One advantage of living in a city as rammed with people as Tokyo, is that you can organize any kind of event, safe in the knowledge that people will show up, no matter how weird or esoteric it is. In a city of twelve million people, you could throw a German polka music party, and expect a full house.
One place which proves this theory is Shinjuku’s excellent Club Acid Tokyo, where each night is themed around a completely different kind of music. Over the weekend I went to “Bowie Night,” where they strictly played only songs by David Bowie for the whole night. This is a fantastic concept if you’re into The Thin White Duke, but it’s like Guantanamo Bay if you’re not. Fortunately, I’m partial to a bit of Bowie, and had a fine time grooving to “Heroes” on the dancefloor.
It’s a credit to Bowie’s long and varied career that I wasn’t bored by the music once. I left the club with a renewed respect for the dude- there aren’t many artists who could fill up a DJ’s six-hour set-list without getting repetitive. I’m a big Ramones fan but I’d grow tired of hearing “188.8.131.52!” after a couple of hours. (…Or perhaps not.)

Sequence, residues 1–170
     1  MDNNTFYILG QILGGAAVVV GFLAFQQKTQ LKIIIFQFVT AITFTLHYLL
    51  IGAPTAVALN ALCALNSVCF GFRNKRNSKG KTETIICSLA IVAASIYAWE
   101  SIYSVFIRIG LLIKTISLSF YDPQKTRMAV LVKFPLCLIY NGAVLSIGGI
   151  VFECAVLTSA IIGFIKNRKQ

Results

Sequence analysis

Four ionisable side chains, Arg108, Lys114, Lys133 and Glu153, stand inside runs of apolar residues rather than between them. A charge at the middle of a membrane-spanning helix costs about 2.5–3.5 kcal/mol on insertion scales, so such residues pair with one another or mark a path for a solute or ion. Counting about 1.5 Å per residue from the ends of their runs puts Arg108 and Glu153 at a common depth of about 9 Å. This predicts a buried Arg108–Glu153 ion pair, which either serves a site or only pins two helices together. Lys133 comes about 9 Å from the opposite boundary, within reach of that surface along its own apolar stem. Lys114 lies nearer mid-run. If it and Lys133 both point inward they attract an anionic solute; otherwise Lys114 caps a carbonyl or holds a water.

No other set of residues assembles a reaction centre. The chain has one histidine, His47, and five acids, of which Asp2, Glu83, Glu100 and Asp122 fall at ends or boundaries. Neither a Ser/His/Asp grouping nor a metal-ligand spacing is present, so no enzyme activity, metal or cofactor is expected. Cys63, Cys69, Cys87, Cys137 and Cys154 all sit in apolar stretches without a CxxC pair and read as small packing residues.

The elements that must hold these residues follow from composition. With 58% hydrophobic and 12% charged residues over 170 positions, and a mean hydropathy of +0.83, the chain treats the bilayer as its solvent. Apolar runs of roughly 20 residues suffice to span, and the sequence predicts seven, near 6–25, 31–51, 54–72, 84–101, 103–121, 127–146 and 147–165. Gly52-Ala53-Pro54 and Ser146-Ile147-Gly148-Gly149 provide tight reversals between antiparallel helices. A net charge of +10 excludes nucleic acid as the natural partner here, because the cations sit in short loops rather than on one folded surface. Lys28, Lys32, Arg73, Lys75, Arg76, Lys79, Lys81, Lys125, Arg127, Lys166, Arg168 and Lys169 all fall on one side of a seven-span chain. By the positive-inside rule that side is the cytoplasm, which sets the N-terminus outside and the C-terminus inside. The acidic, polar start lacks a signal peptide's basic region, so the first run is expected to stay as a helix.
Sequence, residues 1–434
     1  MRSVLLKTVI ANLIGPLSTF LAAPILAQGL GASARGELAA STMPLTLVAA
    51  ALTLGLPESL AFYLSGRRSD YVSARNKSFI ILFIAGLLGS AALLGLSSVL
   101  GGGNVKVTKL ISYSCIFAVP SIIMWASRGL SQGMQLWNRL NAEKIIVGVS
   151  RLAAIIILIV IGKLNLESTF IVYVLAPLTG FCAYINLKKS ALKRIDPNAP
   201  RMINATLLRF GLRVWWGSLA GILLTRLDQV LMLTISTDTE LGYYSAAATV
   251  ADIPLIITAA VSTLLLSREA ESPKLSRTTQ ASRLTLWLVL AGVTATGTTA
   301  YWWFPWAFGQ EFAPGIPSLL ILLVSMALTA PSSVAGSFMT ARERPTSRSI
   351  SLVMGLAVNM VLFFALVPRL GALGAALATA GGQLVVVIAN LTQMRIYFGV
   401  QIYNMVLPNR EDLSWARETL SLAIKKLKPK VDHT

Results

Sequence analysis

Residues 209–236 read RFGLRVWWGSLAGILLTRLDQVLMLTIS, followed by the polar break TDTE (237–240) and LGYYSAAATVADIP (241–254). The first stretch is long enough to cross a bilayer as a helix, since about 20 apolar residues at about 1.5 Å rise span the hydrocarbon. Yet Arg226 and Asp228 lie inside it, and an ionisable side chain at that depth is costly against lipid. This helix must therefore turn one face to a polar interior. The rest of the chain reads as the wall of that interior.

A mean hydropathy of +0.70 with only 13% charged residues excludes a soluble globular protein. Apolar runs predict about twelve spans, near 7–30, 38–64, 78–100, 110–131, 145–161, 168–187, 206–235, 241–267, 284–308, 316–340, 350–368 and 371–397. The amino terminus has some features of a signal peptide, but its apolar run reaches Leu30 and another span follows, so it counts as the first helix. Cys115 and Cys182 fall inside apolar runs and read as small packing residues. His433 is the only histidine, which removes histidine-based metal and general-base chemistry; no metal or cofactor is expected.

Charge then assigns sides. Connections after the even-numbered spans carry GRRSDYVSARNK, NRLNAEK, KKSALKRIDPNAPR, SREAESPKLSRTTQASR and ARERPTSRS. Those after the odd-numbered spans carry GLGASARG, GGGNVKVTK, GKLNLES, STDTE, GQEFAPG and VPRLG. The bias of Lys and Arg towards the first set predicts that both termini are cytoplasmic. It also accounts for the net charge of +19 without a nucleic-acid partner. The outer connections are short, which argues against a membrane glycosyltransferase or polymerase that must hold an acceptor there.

You couldn’t get away with an event like Bowie Night in most countries, but such is the obsessiveness and dedication of Japanese fans (who eagerly blow their savings on rare B-Side compilations and T-shirts of their favourite musicians), that the crowd in Club Acid were loving it.
Once, Club Acid even had a night entirely dedicated to the 80s Goth group Bauhaus, I kid thee not. That is very obscure indeed, but it must surely have brought smiles to the faces of the small cluster of Bauhaus fans living in Tokyo, (perhaps for the first time in their miserable lives.)